Education and feedback improve antibiotic prescribing for childrenBMJ 2013; 346 doi: http://dx.doi.org/10.1136/bmj.f3794 (Published 12 June 2013) Cite this as: BMJ 2013;346:f3794
Researchers from the US have designed and tested a way to discourage primary care doctors from prescribing broad spectrum antibiotics to children with respiratory infections. A single hour of education followed by audit and regular, confidential, and automated feedback reduced inappropriate prescribing by an absolute 6.7% in a cluster randomised trial. Doctors in control practices had no education or feedback, but they did know their prescribing was being tracked. Prescriptions of broad spectrum antibiotics for selected infections fell from 26.8% to 14.3% in intervention practices and from 28.4% to 22.6% in control practices (P=0.01).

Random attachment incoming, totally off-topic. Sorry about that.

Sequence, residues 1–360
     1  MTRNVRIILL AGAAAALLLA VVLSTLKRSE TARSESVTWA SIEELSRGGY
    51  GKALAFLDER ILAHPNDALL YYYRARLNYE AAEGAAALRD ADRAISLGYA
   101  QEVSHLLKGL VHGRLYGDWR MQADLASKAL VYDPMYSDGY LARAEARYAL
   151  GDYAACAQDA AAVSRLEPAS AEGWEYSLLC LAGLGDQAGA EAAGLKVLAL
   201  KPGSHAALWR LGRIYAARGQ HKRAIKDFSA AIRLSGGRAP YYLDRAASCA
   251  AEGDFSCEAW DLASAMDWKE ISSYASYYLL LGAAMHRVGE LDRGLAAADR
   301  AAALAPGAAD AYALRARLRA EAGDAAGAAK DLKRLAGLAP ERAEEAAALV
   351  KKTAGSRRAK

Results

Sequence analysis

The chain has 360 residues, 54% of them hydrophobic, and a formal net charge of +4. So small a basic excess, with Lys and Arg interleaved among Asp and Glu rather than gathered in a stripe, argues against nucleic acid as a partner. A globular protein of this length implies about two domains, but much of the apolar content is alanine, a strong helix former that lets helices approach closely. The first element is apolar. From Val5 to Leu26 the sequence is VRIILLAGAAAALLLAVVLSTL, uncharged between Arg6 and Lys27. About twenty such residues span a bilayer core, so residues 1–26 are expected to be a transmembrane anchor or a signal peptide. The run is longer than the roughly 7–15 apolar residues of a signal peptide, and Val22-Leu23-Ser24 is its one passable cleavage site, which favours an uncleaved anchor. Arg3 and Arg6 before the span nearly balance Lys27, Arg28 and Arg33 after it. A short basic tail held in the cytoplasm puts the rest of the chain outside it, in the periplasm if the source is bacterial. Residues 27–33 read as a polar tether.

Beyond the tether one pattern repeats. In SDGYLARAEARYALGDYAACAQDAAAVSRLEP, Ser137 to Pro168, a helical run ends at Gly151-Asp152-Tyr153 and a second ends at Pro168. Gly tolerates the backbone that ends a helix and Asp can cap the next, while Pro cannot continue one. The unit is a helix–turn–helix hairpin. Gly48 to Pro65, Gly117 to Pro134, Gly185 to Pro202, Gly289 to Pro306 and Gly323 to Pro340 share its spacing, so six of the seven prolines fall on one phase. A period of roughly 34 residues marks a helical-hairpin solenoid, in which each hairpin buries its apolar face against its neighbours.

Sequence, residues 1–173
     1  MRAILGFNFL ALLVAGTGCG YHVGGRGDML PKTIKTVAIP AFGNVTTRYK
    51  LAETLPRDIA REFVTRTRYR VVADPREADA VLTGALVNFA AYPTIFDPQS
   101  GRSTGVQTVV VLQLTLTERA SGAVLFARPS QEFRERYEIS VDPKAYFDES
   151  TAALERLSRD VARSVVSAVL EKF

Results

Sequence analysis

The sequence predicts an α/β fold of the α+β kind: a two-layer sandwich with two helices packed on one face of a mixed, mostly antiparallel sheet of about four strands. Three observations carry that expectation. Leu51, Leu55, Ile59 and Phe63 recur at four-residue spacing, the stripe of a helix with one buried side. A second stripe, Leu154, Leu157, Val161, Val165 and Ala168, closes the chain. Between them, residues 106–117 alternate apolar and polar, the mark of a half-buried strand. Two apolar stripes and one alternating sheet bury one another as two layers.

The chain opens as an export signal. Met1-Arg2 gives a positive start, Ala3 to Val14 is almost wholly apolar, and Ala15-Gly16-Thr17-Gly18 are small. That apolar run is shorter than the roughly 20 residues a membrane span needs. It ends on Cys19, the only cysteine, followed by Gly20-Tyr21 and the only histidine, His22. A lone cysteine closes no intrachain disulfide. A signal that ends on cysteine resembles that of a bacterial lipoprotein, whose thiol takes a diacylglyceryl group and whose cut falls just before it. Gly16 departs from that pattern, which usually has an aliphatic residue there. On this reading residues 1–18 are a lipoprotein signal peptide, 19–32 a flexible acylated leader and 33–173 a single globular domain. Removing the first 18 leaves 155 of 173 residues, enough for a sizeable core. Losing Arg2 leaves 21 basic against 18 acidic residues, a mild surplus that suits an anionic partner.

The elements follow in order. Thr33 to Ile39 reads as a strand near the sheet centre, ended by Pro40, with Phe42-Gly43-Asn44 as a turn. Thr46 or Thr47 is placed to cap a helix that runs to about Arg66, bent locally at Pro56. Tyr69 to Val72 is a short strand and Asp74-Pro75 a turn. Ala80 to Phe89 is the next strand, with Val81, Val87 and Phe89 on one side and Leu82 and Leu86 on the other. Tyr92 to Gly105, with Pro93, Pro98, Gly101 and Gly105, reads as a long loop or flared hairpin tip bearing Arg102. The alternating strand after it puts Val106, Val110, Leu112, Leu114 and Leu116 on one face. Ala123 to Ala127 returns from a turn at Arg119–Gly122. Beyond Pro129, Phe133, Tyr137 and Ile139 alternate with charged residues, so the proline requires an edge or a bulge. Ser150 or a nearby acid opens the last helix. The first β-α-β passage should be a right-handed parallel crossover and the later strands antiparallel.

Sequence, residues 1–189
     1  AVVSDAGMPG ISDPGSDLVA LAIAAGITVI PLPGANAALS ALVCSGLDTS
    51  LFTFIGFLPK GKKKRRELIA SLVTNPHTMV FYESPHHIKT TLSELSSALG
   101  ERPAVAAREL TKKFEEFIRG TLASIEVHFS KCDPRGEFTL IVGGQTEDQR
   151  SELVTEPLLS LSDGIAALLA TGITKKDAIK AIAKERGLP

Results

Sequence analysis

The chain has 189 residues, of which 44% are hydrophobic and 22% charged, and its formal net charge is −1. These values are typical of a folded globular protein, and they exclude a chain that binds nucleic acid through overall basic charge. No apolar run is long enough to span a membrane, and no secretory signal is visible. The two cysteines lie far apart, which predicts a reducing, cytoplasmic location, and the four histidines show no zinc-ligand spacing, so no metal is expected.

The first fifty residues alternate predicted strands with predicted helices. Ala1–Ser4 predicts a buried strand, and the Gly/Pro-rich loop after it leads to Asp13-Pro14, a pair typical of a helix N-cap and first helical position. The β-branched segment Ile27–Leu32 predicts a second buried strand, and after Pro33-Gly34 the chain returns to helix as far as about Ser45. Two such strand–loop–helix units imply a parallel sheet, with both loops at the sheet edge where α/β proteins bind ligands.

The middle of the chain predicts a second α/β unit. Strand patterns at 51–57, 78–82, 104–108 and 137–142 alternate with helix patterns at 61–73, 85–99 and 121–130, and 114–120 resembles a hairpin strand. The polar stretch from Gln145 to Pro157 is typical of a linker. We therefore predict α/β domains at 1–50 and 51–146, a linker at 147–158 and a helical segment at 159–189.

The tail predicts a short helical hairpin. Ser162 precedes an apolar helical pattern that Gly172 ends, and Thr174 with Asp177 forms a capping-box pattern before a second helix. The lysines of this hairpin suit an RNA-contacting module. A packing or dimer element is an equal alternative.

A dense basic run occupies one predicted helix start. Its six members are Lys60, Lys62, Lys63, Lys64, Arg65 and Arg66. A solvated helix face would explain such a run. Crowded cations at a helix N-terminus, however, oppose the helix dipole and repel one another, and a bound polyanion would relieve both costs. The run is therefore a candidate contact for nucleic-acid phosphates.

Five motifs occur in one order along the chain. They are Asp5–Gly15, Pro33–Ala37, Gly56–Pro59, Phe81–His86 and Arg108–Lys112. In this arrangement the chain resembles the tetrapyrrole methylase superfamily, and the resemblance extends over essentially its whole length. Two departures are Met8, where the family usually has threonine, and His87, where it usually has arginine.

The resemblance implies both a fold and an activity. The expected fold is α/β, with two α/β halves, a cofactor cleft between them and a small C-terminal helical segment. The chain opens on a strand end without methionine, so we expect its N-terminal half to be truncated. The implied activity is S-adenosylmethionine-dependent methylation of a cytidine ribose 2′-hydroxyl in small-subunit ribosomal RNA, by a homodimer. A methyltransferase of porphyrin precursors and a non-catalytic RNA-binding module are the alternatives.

The trial lasted a year and looked at prescribing for children with sinusitis, pneumonia, and streptococcal pharyngitis. Doctors in intervention practices were advised to start with amoxicillin or penicillin, in accordance with US guidelines. Prescribing improved steadily during the year and improved most for children with pneumonia. Antibiotic prescribing for viral infections was uncommon to start with and changed little in either group of practices.
All participating paediatricians worked in one of 18 primary care practices with a shared electronic health record and links to local hospitals. Researchers had to exclude prescribing for otitis media—the most common reason for antibiotic prescription in children—because some practices in the network introduced a decision tool during the trial.
Cite this as: BMJ 2013;346:f3794